UnitedFuture leader Hon Peter Dunne said the party would seek to remove tuition fees for tertiary education in New Zealand, accompanied by a push to increase the quality of tertiary education and protect the value of New Zealand degrees.
The zero fees policy would be funded by abolishing the Student Allowance. Dunne describes the student allowance system as “patently unfair”, as it relies on means testing of parental income, enabling the wealthy to receive allowances where their parents are able to reduce their taxable income.
Dunne says the zero fees policy would mean that students would only borrow living costs, rather than the crippling loans which are currently being incurred to cover fees as well.
“This would mean that the average student engaged in tertiary education will leave with the only debt against their name the living costs that they choose to borrow,” he says.
The maximum living costs entitlement would be aligned with the average rental price in the area a student is enrolled in a tertiary education provider, ensuring that the true cost of living is reflected in the amount available to borrow, rather than assuming costs remain the same across the country.
Dunne says there would also be increased focus on repayment compliance by establishing an expected voluntary repayment threshold for graduated students in work with interest being added to the year, pegged at inflation, but no additional penalty payments, if that threshold is not met.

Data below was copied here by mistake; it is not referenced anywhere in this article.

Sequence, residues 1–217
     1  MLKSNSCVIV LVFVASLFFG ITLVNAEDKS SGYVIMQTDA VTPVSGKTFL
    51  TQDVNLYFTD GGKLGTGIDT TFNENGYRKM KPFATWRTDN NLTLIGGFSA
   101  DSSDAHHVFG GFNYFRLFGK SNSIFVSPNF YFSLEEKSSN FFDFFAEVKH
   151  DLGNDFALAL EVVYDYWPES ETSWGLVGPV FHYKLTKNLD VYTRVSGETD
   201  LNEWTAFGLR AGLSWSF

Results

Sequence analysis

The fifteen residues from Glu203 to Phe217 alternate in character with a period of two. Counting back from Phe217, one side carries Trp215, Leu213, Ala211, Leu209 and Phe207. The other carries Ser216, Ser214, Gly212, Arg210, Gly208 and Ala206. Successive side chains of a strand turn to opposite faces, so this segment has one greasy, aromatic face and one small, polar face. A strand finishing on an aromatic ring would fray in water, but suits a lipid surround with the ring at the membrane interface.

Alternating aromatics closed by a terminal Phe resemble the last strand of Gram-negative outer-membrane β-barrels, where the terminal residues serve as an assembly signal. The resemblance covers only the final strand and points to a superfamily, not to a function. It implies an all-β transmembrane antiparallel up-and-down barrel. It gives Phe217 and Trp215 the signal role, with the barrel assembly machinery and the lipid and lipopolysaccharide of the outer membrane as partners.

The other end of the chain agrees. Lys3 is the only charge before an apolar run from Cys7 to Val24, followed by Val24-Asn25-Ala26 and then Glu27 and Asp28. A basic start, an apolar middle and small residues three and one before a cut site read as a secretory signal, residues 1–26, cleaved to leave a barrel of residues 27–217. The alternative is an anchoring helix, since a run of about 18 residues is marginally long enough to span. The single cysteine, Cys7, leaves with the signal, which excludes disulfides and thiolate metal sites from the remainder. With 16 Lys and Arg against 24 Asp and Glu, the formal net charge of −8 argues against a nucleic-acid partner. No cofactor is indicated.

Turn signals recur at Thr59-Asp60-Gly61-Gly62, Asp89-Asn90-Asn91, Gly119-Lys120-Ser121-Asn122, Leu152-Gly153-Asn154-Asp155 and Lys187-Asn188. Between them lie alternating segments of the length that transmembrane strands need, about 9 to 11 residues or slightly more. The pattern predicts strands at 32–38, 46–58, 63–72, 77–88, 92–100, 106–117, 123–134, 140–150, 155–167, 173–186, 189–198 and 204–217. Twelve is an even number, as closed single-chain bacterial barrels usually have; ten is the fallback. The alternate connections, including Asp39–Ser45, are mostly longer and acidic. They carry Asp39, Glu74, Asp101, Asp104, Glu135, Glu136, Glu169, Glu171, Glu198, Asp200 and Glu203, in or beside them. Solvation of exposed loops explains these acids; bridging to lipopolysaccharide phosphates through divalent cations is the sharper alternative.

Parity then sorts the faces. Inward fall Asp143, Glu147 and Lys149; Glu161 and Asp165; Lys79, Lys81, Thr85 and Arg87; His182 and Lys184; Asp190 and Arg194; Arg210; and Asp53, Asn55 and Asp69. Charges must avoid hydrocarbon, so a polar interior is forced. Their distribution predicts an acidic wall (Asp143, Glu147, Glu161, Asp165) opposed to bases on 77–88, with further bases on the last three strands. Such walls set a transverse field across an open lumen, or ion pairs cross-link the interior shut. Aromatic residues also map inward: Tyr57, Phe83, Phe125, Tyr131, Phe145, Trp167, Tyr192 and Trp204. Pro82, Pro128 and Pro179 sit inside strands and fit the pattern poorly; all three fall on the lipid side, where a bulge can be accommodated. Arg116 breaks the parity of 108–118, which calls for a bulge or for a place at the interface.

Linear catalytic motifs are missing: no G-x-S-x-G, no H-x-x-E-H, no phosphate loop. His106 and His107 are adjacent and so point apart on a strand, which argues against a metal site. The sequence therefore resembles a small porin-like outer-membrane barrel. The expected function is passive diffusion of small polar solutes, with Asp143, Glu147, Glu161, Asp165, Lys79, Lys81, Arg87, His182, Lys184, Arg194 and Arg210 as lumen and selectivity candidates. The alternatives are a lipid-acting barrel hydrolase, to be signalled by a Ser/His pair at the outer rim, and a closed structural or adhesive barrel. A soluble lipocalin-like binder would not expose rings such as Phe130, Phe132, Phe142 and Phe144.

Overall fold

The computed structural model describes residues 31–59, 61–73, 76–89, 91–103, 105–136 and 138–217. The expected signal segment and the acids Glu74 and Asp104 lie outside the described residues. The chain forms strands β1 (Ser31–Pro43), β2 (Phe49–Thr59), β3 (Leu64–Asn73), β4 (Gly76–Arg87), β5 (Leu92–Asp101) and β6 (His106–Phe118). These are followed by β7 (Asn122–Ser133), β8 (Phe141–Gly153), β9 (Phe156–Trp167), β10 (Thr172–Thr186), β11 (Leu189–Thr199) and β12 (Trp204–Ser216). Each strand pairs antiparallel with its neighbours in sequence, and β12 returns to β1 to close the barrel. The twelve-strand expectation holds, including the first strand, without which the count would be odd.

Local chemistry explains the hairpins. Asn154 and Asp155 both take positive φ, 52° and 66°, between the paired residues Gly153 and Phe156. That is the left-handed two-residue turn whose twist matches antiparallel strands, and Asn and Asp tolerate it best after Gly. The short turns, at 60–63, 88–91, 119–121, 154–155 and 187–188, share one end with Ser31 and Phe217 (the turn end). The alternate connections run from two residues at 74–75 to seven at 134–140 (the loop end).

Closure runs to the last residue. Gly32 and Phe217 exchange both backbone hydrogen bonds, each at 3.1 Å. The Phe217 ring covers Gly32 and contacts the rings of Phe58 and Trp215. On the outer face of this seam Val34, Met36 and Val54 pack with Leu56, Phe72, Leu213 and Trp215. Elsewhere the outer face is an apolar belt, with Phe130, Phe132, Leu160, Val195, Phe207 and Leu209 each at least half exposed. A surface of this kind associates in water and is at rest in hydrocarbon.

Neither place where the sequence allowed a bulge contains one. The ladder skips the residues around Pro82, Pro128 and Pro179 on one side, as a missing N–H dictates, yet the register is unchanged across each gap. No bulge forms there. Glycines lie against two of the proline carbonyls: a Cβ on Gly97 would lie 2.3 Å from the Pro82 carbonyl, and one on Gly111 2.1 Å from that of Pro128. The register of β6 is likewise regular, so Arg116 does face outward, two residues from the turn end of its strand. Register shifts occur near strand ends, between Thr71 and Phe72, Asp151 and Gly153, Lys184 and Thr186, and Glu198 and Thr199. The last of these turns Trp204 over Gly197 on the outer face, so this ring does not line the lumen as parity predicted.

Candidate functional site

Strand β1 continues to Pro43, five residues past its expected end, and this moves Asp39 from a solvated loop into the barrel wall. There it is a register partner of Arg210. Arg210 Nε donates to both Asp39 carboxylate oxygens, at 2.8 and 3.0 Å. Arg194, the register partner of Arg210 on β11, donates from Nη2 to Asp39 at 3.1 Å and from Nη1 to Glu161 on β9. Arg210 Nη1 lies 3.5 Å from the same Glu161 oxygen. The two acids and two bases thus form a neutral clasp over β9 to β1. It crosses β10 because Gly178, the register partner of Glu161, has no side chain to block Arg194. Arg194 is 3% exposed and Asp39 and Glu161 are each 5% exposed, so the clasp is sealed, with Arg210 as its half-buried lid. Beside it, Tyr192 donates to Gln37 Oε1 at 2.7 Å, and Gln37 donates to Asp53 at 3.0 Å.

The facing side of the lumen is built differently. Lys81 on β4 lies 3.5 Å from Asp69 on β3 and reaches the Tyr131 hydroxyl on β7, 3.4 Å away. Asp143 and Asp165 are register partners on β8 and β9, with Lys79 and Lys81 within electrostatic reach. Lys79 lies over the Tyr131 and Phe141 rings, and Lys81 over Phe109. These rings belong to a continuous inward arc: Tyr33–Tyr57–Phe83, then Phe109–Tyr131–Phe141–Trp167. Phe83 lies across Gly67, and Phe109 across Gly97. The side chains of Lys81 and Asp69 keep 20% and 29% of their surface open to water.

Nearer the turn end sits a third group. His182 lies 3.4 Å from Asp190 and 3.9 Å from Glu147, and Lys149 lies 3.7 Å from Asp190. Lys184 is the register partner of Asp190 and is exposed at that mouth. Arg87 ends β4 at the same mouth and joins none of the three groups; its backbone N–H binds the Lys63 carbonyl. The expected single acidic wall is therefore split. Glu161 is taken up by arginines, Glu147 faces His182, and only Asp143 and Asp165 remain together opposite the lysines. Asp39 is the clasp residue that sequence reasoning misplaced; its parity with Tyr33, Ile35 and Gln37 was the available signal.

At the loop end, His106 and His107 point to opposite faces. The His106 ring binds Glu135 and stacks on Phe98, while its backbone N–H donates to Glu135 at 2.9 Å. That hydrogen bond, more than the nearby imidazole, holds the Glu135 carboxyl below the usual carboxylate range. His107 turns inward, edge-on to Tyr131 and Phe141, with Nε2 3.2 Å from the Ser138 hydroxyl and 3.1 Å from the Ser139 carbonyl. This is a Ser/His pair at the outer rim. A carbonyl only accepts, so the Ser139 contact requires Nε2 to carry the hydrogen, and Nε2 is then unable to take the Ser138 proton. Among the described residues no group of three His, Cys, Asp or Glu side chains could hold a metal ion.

However, the New Zealand Union of Students’ Associations (NZUSA) is warning that any plan to abolish Student Allowances would deepen inequality.
“We welcome policies which aim to improve access to tertiary education for all, such as the removal of tuition fees, but taking away living allowances from low-income New Zealanders is not the answer,” says National President Jonathan Gee.
“While students have told us that their immediate concern is having enough to live on, their long-term concern is graduating with less debt. Linking student loan borrowing to the cost of living, while not addressing the cost of living itself, risks lumping graduates with spiralling and unmanageable debt,” says Gee.
UnitedFuture is also proposing policies seeking to increase tertiary achievement across board, including a focus on vocational training, encouraging all people to be either ‘earning or learning’, lifting the quality of tertiary teaching, and more collaboration between tertiary providers and industry.
Have your say: Let us know where you stand on this with our newest poll. You can find this in the side bar to your right or here.